SHAH ALAM: Tebuan II. It appears that Leonardo has named its M-345 jet trainer – as the Tutor II specifically for Canada. The naming is an homage for the Canadair CT-114/CL-41 Tutor which served with as the primary jet trainer of the the Royal Canadian Air Force (RCAF) from the 1960s to 2000.
Around two dozen Tutors remained in service with the RCAF air demonstration team, the Snowbirds, though only around 11 airframes are used for flight operations. A member of the team was killed in a crash involving one of the Tutors in May, this year.
Apart from its primary role as a trainer, Leonardo says the M-345 is also suited for operational roles, with the capability to employ weapons like IR air-to-air missiles, gun pod, rockets and 500 lb class bombs. This is basically the same type of weapons employed by the BAE Systems Hawks in service with RMAF.
As most of you are aware, RMAF operated around 20 ground attack variant of the Tutors – locally known as the Tebuan – from 1967 to 1986. The aircraft was used operationally during the communist insurgency and as a basic jet trainer until they were withdrawn from service.
The Tebuan was RMAF first fast jet until they were supplemented by the Avon Sabres in early 1970s, which were gifted from the Australia. Both aircraft had performed admirably well.
It must be noted that Leonardo has offered the M-346 FA for RMAF’s Light Combat Aircraft (LCA) requirement. The M-346 Master was originally conceived as a jet trainer but the FA version is the light attack variant of the type.
Apart from the LCA, RMAF is also looking to recapitalise its primary jet trainer to replace the MB-339CM, which was manufactured by Aermacchi which folded into Leonardo during the last stage of Italian defence industry consolidation in mid-2000.
I have no idea whether Leonardo is looking to get the M-345 for the primary jet trainer for RMAF as well. But I think the M-346 is too highly specced – for the RMAF at least – as a primary jet trainer while the FA version is under-developed to meet the LCA requirement.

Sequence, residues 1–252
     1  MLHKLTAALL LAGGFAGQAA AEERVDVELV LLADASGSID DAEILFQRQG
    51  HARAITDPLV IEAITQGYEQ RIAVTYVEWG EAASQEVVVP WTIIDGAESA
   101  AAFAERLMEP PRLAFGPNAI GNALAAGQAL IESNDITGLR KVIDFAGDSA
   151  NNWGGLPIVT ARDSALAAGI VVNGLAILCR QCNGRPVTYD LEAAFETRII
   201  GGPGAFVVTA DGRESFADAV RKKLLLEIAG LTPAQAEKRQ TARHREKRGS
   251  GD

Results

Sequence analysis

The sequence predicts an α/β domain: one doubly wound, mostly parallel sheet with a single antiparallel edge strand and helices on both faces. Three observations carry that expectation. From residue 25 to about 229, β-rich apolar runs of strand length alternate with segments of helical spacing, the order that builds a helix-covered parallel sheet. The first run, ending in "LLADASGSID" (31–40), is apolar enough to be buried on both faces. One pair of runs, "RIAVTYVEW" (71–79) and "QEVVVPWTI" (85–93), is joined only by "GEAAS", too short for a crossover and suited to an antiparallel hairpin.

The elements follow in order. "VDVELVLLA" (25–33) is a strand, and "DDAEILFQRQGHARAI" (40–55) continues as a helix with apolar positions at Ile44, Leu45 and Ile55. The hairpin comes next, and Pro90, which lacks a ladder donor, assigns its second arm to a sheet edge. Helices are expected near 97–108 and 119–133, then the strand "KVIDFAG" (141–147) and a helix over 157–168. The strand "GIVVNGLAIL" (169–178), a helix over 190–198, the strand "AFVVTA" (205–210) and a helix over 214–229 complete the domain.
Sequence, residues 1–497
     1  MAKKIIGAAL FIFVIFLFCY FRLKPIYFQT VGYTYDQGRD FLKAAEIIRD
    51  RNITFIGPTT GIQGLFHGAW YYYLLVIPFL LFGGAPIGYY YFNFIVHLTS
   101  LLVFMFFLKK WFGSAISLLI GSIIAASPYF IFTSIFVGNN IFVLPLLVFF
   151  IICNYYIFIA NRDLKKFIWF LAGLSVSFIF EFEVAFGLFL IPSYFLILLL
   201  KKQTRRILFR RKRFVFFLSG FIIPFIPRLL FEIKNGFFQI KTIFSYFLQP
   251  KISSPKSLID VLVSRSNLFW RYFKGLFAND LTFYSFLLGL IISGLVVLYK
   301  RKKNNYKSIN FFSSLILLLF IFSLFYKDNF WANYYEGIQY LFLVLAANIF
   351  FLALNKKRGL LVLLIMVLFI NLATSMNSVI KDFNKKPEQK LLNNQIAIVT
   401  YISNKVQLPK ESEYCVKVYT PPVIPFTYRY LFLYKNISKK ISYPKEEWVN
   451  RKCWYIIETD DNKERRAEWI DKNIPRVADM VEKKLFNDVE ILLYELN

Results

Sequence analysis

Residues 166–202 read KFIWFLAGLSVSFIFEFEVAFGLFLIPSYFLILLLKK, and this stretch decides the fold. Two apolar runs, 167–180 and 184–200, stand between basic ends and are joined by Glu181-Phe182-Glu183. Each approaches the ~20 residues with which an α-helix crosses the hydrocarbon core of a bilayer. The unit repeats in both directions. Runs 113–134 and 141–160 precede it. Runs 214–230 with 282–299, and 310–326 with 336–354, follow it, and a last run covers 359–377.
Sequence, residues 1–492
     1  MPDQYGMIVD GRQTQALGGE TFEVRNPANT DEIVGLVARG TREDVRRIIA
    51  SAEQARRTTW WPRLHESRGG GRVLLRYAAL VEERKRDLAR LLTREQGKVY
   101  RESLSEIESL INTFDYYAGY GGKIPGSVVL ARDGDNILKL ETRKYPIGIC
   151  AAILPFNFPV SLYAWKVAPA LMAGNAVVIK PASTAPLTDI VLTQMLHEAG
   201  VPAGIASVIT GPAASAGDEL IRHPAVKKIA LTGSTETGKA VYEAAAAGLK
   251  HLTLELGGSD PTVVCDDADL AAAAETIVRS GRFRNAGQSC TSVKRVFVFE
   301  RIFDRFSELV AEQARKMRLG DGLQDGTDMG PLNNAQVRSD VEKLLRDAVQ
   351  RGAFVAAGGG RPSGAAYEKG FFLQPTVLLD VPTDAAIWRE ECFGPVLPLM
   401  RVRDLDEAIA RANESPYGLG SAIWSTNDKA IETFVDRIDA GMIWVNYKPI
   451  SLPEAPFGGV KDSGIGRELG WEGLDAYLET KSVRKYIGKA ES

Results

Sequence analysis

Having the same type to fill both requirements will helped in training and maintenance though I still prefer a single engine aircraft for both.
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If Goverment Choose JAS-39 for New LCA would Sweden Offer Globaleye AWACS to RMAF ?. If we Choose F/A-50 and M-346. The don’t offer some of their MPA too.
pc-7 mkII is fine enough for that. we dont need a basic jet trainer before LIFT.
basic trainer to intermediate turboprop trainer to LIFT.
We now have PC-7 MkII for basic and intermediate flight training, with LIFT needing an urgent replacement.
Remember Singapore replaced its S.211 (predecessor to M-345) with pilatus PC-21.
The M346 is European version of Yak-130 right?
Is it possible to use Russian weapons with it?
For time being RMAF stick with the PC-7 mk2 and Hawk100, in future may consider PC-21 for Advanced Training and T/A-50 for LIFT/LCA..
If we can afford Gripen for LCA, we are more richer than USAF.
Agreed. M345 is a step back. Our Pilatus PC7s are good enough till intermediate training. We do need better LIFT planes. I like the M346 FA. A lot. But it may not be the better solution seeing KAI TA50s/FA50s are available. It may not completely answer the need for LIFT but it certainly covers our LCA requirements.
Just asking, is it feasible to base an air force exclusively around light fighter types like M-346 and BAe Hawk 208?
Yes and no
” But why? ”
More flexibility, I suppose. Like us who use both Russian and NATO weapons; could just switch to whatever available without modifying anything.
Yes but logistics need to be coordinated. Although the software could be easily modified, hardware are almost impossible. One cannot use the same pylons for both aircraft as the lugs and connecting pins are different as does the test rigs. This means one cannot fly in one mission with Western ordnance and changed to Russian ones in the next one. One could do it in alternate days of course. Again doable but with our limited number of personnel and equipment its better to stick one type. As for Western standard dumb bombs and rockets we could always get them from Yugoimport.
” As for Western standard dumb bombs and rockets we could always get them from Yugoimport ”
or from POF.
Marhalim – “Western standard dumb bombs and rockets we could always get them from Yugoimport””